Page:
When you don’t get enough sleep or your sleep quality is poor, you increase the likelihood of disorders such as cognitive difficulties, cardiovascular disease, obesity, and type 2 diabetes. In fact, some insomnia problems may be the effect of trying to incorporate monophasic sleep in people who require biphasic rest.

What is polyphasic sleep?

Polyphasic sleep is less common and involves sleeping in more than two segments per day. Most mammals have this pattern, although primates are monophasic.

Some think that optimal rest can be achieved with this mode. Others, on the other hand, view it with skepticism.

Types of polyphasic sleep

There are several types of polyphasic sleep. Many people create their own sleep segmentations at their whim or convenience. However, there are 3 that are predominant:

  • Dymaxion schedule: This involves taking 30-minute naps every 6 hours. This yields a total of 2 hours of napping per day. It was practiced by the American architect Buckminster Fuller for 2 years and doctors certified that he was healthy.
  • Uberman’s schedule: This involves taking a 20-minute nap every 4 hours for a total of 3 hours of sleep per day. It’s the most rigid form of polyphasic sleep.
  • Everyman’s schedule: This corresponds to taking a 3-hour block of sleep at night, with 3 20-minute naps spread throughout the day. There are numerous variations in the timing of the block and naps.

Advantages and disadvantages

There’s no scientific evidence on the advantages of polyphasic sleep. However, there’s research carried out with sailors, according to which it would be a good alternative to circumvent lapses of sleep deprivation for external reasons, such as travel or war.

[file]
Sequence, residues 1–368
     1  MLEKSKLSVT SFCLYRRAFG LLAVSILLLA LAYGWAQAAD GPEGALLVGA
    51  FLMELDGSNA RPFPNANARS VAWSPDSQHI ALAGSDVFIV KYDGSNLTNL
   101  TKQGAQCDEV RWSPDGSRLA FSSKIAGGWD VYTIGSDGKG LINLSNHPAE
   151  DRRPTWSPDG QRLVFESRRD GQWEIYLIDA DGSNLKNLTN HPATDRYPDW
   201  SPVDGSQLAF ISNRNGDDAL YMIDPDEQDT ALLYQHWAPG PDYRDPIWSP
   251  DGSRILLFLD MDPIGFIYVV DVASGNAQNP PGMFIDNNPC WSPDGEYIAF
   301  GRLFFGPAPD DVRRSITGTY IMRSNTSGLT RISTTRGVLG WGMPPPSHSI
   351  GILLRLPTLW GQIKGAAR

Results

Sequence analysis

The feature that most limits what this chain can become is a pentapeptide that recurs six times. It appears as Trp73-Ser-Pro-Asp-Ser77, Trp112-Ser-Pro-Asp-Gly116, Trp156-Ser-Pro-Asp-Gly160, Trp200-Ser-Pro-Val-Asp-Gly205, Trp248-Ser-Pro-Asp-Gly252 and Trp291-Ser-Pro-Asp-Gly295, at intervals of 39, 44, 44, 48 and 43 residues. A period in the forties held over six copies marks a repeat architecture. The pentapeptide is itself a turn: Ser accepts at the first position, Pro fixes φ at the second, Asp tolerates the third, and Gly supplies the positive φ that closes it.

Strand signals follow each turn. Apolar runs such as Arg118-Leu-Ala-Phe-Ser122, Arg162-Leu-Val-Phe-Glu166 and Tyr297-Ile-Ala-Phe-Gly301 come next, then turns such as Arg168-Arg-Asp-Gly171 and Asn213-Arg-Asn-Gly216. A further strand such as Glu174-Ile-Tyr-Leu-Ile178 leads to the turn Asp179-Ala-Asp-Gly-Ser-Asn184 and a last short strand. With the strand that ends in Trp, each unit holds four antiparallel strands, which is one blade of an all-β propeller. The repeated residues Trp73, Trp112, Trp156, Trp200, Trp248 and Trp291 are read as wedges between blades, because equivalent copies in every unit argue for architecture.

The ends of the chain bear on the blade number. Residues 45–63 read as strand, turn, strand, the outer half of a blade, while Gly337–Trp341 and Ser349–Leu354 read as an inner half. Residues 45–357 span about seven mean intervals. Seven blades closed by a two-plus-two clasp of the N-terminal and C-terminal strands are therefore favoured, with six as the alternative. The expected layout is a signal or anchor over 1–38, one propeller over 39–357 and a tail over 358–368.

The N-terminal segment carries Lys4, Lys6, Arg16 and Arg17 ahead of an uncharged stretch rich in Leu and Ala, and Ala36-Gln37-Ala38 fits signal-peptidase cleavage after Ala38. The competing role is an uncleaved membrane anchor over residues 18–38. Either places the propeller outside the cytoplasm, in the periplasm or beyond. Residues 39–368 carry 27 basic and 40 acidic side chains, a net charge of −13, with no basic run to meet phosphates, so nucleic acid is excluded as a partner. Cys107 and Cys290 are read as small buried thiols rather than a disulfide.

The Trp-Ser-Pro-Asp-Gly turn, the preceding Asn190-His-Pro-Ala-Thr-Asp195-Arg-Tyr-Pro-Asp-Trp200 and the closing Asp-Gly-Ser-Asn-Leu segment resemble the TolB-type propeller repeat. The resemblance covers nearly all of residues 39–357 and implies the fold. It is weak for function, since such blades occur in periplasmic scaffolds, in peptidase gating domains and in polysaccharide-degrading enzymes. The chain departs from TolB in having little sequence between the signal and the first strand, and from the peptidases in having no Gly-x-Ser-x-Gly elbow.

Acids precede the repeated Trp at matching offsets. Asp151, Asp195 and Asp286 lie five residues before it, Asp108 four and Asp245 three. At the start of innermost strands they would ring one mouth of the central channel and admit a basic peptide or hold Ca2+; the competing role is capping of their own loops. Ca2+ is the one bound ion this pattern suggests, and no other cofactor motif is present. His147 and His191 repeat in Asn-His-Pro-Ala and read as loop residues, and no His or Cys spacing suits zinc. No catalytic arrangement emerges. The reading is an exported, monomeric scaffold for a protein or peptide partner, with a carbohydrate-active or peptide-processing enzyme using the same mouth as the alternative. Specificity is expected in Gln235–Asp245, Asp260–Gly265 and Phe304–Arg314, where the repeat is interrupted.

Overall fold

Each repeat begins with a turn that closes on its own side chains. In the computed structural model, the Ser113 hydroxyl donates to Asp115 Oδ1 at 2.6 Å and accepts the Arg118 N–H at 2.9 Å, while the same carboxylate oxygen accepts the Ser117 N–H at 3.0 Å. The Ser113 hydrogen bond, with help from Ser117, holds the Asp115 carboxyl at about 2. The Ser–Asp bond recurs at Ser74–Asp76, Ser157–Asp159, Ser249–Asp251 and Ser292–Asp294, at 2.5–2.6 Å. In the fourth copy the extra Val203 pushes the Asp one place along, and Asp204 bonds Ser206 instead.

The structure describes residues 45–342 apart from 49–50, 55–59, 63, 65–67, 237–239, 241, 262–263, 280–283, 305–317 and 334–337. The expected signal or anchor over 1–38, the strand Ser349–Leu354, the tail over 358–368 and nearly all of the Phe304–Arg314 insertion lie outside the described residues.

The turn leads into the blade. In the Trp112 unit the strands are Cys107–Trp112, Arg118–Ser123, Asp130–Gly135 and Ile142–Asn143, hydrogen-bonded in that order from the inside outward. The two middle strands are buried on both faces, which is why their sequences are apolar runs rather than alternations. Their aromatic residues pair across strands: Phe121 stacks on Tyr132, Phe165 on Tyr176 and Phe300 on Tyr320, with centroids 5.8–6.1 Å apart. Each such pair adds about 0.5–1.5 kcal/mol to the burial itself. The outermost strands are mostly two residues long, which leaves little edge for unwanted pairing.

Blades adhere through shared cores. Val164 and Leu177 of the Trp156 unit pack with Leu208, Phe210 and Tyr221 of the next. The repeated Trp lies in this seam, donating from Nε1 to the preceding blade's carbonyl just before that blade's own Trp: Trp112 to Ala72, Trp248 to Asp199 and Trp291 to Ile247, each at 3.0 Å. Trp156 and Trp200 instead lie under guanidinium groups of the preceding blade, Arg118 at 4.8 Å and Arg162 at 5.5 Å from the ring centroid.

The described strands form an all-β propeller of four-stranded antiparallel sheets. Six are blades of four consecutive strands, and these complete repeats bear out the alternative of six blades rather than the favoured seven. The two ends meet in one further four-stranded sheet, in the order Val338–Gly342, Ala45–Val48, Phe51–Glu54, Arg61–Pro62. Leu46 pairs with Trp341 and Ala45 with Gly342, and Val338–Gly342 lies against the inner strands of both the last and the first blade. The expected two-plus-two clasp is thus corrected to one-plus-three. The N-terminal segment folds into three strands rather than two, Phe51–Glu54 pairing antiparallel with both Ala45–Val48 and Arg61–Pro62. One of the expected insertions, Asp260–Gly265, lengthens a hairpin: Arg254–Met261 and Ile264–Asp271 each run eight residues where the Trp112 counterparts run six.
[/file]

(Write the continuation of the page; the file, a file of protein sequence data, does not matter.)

Experts agree that polyphasic sleep can cause effects similar to those of sleep deprivation. This increases the risk of disorders such as obesity, high blood pressure, depression, anxiety, psychosis, heart disease, diabetes, and obstructive apnea.

Sleepy woman.
The chosen sleep patterns could lead to disorders if we don’t adapt, such as memory problems.

Adopting biphasic or polyphasic sleep

Many people report benefits from biphasic and polyphasic sleep. However, a change in sleep patterns should be done with care.

Most doctors say that it’s very important to get the necessary hours of sleep, even if they’re distributed differently. In this, as in so many aspects, there can be big differences between one and the other.

As a general rule, if a person sleeps at night without interruptions, there’s no reason for them to try to adopt biphasic or polyphasic sleep. On the other hand, if someone has difficulty sleeping, it may be a good idea to try these modalities.

The adaptation phase to the new sleep patterns usually lasts between 2 and 3 weeks. If any discomfort is experienced, it’s best to return to the previous pattern. When it comes to sleep, there’s still a lot to discover. The most important indicator is feeling well-rested after your sleep.

All cited sources were thoroughly reviewed by our team to ensure their quality, reliability, currency, and validity. The bibliography of this article was considered reliable and of academic or scientific accuracy.

  • Shi G, Xing L, Wu D, Bhattacharyya BJ, Jones CR, McMahon T, Chong SYC, Chen JA, Coppola G, Geschwind D, Krystal A, Ptáček LJ, Fu YH. A Rare Mutation of β1-Adrenergic Receptor Affects Sleep/Wake Behaviors. Neuron. 2019 Sep 25;103(6):1044-1055.e7. doi: 10.1016/j.neuron.2019.07.026. Epub 2019 Aug 28. PMID: 31473062; PMCID: PMC6763376.
  • Ekirch A. R. (2016). Segmented Sleep in Preindustrial Societies. Sleep, 39(3), 715–716.
  • Brown, W. A., MD. (2020, 16 noviembre). Acknowledging Preindustrial Patterns of Sleep May Revolutionize Approach to Sleep Dysfunction. Psychiatric Times.
  • Filardi, M., Morini, S., & Plazzi, G. (2020). Pre-Race Sleep Management Strategy and Chronotype of Offshore Solo Sailors. Nature and science of sleep, 12, 263–269.
  • Pedemonte, M., & Velluti, R. A. (2005). La vigilia y el sueño.

This text is provided for informational purposes only and does not replace consultation with a professional. If in doubt, consult your specialist.